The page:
By John Silveira

Issue #117 • May/June, 2009

Sabrina Anderson, the wife of Dave Anderson (see Dave Anderson: Fishing guide on page 56 of this issue), has found her own way to create a paying job in a small town. She runs a child care service out of her home.

Sabrina got into child care because the woman who was taking care of her two children was moving away and she asked Sabrina if she’d like to take over the business.

Dave and Sabrina Anderson with king salmon
Dave and Sabrina Anderson
with a king salmon

Sabrina thought it would be a great thing to do until her kids, who were two and four-years-old at the time, were in school full-time. She says, “I liked it right away. It allowed me to stay home with my own children, and make some extra money at the same time.” Nearly 15 years later, her business is still ongoing.

For those who would like to get into the business, she points out that child care is not a get-rich-quick career. It’s hard work both physically (keeping up with the kids, being the cook, the maid, the diaper changer, the shoulder they cry on, the lap they sit in, and the one who totes them around) and mentally (you have to deal with different child behaviors). And since she and her husband are both self-employed, they must provide for their own retirements and health insurance. Also, to take time off, she must find a substitute who has the same qualifications as she.

But if you love children and want to have a positive role in helping to raise them and participate in helping them reach their full potentials, child care is a very rewarding career. She also likes that she and Dave can make their own schedules. She adds, “A single mother could survive on the income I make, but I’m fortunate in that both me and my husband have our own businesses.”

“Before you start,” she adds, “look into the requirements where you live. They’ll vary from state to state.”

Here in Oregon there are three levels of child care:

Exempt is if you have three or fewer children in your care. You can do it without registering with the state.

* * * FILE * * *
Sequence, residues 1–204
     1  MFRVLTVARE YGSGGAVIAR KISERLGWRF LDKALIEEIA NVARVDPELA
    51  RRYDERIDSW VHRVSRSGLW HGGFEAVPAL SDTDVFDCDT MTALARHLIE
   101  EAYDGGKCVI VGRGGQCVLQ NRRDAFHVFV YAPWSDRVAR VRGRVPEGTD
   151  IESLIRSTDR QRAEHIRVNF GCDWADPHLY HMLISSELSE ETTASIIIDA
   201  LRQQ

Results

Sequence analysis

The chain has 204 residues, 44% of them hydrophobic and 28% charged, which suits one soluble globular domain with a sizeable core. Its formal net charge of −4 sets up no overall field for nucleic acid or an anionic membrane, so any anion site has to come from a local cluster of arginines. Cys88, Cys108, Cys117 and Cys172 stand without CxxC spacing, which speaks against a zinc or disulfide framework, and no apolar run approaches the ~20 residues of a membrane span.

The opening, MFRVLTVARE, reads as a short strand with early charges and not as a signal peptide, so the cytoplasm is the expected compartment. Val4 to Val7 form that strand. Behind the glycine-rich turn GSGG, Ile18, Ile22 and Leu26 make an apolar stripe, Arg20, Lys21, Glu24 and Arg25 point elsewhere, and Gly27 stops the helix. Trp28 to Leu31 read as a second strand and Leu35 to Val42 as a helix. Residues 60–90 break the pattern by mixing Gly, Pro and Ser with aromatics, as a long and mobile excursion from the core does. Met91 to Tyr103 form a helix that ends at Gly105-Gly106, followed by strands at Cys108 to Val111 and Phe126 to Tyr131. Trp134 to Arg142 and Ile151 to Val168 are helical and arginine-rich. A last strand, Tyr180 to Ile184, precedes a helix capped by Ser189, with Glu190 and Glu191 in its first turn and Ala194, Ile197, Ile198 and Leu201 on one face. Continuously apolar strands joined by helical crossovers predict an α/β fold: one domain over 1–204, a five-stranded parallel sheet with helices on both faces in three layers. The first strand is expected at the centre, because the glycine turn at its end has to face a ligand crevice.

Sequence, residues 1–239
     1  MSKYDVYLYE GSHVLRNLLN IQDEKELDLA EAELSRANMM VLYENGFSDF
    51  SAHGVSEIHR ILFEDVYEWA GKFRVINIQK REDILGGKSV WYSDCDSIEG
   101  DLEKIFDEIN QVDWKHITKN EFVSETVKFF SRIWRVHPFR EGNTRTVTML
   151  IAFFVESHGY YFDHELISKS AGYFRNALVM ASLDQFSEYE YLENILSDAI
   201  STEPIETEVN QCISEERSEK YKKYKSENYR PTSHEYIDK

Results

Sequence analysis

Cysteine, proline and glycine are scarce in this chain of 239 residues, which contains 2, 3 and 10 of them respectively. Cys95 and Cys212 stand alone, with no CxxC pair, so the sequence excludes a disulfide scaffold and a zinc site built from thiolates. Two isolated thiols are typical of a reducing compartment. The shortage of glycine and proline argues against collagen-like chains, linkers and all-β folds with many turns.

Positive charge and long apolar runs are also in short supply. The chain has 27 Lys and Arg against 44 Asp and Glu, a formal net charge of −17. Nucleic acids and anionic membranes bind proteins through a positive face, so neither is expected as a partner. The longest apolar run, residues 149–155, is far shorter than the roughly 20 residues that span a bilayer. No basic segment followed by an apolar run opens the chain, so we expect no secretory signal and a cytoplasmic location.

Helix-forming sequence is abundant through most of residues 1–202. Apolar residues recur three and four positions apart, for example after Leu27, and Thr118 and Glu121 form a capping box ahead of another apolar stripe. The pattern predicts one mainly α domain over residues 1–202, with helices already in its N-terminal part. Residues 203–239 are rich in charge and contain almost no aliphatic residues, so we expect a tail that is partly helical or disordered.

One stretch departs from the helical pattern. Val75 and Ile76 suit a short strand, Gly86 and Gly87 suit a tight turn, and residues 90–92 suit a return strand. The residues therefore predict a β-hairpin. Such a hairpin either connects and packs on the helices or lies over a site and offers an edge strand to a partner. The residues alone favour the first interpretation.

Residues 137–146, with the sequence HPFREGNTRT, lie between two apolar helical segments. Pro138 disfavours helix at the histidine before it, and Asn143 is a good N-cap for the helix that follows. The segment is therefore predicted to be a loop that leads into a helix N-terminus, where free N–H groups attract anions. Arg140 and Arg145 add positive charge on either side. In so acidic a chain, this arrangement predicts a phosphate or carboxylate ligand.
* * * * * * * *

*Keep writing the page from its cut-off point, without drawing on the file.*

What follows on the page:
Registered is when you have from four to ten children in your care. There are fees, biannual home inspections with follow-up visits in the in-between years, criminal background checks for anyone 18 or older living in the home who will have contact with the children, square-footage requirements per child both indoors and outdoors, activities you must provide for the kids, and safety, nutrition, and cleanliness requirements. You must also complete eight hours of training every two years.

Certified is up to 16 children. (Sabrina is certified to care for 15 children.) In Oregon you must meet all registered requirements, plus have annual inspections and a sanitation inspection similar to a restaurant’s. You must also know basic CPR and first-aid, have a food handlers’s card, and have taken two hours of child abuse and neglect training. You also must complete 15 hours of other training per year.

There are grants available for child care providers to buy equipment, though the grants are not always easy to find, especially in small towns. The source of the grants can be the state, the county, the town you’re in, or even philanthropic foundations. In some areas, there are even startup grants to help you get established. You have to look for them. To be eligible for some grants, Sabrina must carry a one million dollar liability insurance policy that costs her $700 a year to cover injuries to the children, plus another $30 to cover herself.

Getting business is another matter. Most of hers comes by way of word-of-mouth, but she does do a little advertising in the local newspaper and with fliers at the supermarkets and the grade school. “Reputation is a big factor in this business, especially in a small town,” she says. “A large number of the children in my care stay with me an average of 3-5 years, which says a lot.” She was open only five days a week, but recently added weekends to her schedule since no one else in town offered weekend child care.

Sabrina also has hobbies that occasionally provide a little income. She works as a DJ and singer for karaoke night at a local bar and grill and occasionally DJs weddings.

She is also an actress (unpaid) in the local theater and has performed in 10 plays in the last three years.

Contact Sabrina Anderson: david-sabrina[at]


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